As one of the leading CDN and DDoS protection services, Cloudflare is used by millions of websites across the globe.
The company’s clients include billion dollar companies and national governments, but also personal blogs, and even pirate sites.
Copyright holders are not happy with the latter category and are pressuring Cloudflare to cut their ties with sites like The Pirate Bay, both in and out of court.
Cloudflare, however, maintains that it’s a neutral service provider. They forward copyright infringement notices to their customers, for example, but deny any liability for these sites.
Generally speaking, the company only disconnects a customer in response to a court order, as it did with Sci-Hub earlier this year. That’s why it came as a surprise when the anime torrent site NYAA.si was disconnected this week.
The site, which is a replacement for the original NYAA, has millions of users and is particularly popular in Japan. Without prior warning, it became unavailable for several hours this week, after Cloudflare removed it from its services. So what happened?
TorrentFreak spoke to the operator who said that the exact reason for the termination remains a mystery to him. He reached out to Cloudflare looking for answers, but the comany simply stated that it’s about “avoiding measures taken to avoid abuse complaints,” as can be seen below.
The operator says he hasn’t done anything out of the ordinary and showed his willingness to resolve any possible issues. However, that hasn’t changed Cloudflare’s stance.
“We asked multiple times for clarification. We also expressed that we were willing to attempt to work with them on whatever the problem actually was, if they would explain what they even mean.
“Naturally, I have been stonewalled by them at every stage. I’ve contacted numerous persons at Cloudflare and nobody will talk about this,” NYAA’s operator adds.
TorrentFreak asked Cloudflare for more details and the company confirmed that the matter was related to interference with its abuse reporting systems, without providing further detail.
“We determined that the customer had taken steps specifically intended to interfere with and thwart the operation of our abuse reporting systems,” Cloudflare’s General Counsel Doug Kramer informed us.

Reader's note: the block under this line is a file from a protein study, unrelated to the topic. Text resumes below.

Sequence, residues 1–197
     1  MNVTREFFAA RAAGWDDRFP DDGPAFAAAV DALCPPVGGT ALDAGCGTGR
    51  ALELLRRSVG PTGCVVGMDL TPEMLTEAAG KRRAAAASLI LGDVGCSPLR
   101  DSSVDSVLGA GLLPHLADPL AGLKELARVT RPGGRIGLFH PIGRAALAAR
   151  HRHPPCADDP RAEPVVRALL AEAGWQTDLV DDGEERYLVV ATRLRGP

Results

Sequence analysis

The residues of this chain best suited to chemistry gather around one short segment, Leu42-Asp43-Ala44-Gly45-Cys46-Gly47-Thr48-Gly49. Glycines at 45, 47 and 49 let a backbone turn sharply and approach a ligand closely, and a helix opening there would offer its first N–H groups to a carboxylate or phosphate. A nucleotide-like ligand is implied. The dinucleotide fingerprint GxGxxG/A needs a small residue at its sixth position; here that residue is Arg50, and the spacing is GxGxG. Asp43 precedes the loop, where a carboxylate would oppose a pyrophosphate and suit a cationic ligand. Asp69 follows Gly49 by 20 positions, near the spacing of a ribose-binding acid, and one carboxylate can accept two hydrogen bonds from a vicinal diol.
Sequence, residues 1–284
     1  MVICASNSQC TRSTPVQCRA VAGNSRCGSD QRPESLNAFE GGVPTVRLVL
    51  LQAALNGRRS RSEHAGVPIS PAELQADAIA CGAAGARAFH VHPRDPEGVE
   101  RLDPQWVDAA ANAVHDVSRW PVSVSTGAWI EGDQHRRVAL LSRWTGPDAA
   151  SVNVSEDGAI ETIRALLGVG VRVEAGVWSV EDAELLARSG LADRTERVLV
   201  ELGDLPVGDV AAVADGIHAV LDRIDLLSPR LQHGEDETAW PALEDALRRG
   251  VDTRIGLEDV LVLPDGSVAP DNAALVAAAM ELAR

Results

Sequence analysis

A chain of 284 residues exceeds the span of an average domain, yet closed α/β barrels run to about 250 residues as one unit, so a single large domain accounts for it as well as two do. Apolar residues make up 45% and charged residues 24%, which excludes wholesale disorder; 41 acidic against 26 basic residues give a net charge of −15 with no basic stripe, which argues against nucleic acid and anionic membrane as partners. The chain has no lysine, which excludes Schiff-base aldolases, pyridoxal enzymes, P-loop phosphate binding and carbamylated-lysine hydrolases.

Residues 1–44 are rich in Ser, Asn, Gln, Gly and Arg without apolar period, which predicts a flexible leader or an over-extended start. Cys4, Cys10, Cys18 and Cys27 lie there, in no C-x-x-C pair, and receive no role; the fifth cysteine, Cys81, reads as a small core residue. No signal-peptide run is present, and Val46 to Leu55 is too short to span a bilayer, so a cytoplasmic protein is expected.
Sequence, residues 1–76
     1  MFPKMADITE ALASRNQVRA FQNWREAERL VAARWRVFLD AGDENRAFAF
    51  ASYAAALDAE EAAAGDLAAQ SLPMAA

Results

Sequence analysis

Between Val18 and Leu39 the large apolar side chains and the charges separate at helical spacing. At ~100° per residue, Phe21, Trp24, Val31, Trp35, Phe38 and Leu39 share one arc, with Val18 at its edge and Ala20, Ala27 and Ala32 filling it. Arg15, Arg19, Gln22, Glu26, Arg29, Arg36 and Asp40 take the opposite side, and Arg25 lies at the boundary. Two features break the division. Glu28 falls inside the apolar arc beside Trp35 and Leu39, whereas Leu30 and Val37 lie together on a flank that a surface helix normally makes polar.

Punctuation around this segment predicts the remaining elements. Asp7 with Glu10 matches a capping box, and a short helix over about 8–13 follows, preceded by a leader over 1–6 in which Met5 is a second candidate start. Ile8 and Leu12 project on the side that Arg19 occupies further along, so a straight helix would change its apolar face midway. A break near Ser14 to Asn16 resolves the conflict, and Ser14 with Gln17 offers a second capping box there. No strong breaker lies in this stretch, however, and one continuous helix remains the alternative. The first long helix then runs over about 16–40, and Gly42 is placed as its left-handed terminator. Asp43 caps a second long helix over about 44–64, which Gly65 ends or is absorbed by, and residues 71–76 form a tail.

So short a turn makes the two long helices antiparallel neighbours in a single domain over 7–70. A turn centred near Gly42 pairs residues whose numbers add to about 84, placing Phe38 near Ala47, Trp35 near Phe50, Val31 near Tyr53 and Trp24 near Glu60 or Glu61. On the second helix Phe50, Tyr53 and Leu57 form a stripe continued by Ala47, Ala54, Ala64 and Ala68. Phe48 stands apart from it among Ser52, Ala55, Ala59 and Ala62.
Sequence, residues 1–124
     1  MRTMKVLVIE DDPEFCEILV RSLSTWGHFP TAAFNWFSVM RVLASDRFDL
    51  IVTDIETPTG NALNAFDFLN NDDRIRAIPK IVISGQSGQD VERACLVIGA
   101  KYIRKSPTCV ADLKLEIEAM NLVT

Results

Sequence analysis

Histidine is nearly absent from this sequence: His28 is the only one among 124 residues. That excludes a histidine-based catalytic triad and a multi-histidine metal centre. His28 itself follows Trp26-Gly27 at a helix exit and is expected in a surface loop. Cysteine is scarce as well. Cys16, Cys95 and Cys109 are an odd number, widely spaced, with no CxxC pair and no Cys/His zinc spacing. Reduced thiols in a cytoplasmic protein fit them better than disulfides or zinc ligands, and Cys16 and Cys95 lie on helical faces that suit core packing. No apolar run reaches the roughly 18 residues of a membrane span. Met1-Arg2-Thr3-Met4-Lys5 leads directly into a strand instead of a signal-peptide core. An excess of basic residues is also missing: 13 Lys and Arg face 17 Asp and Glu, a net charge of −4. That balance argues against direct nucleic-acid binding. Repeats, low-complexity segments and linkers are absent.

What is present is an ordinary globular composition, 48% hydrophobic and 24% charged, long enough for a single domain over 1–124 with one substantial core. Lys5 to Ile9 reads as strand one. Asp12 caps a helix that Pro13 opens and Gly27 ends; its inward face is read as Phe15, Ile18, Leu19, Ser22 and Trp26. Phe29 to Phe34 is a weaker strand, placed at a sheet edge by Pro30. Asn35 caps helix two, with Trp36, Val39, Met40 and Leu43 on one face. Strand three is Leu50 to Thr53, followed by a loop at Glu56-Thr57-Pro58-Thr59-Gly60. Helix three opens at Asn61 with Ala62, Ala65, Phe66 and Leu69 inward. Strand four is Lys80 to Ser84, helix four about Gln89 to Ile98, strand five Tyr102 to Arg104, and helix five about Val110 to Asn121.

Cloudflare’s statement suggests that the site took active steps to interfere with the abuse process. The company added that it can’t go into detail, but says that the reason for the termination was shared with the website owner.
The website owner, on the other hand, informs us that he has no clue what the exact problem is. NYAA.si occasionally swaps IP addresses and have recently set up some mirror domains, but these were all under the same account. So, he has no idea why that would interfere with any abuse reports.
“I’m honestly unsure of what we could have done that ‘circumvents” their abuse system,” NYAA’s operator says, adding that the only abuse reports received were copyright related.
It’s unlikely, however, that copyright takedown notices alone would warrant account termination, as most of the largest torrent sites use Cloudflare.
NYAA’s operator says he can do little more than speculate at the point. Some have hinted at a secret court order while Japan’s recent crackdown on manga and anime piracy also came to mind, all without a grain of evidence of course.
Whatever the reason, NYAA.si now has to move on without Cloudflare, while the mystery remains.
“Frankly, this whole thing is a joke. I don’t understand why they would willingly host much bigger sites like ThePirateBay without any issue, or even ISIS, or the various hacking groups that have used them over time,” the operator says.
If more information about the abuse process interfere becomes available, we’ll definitely follow it up.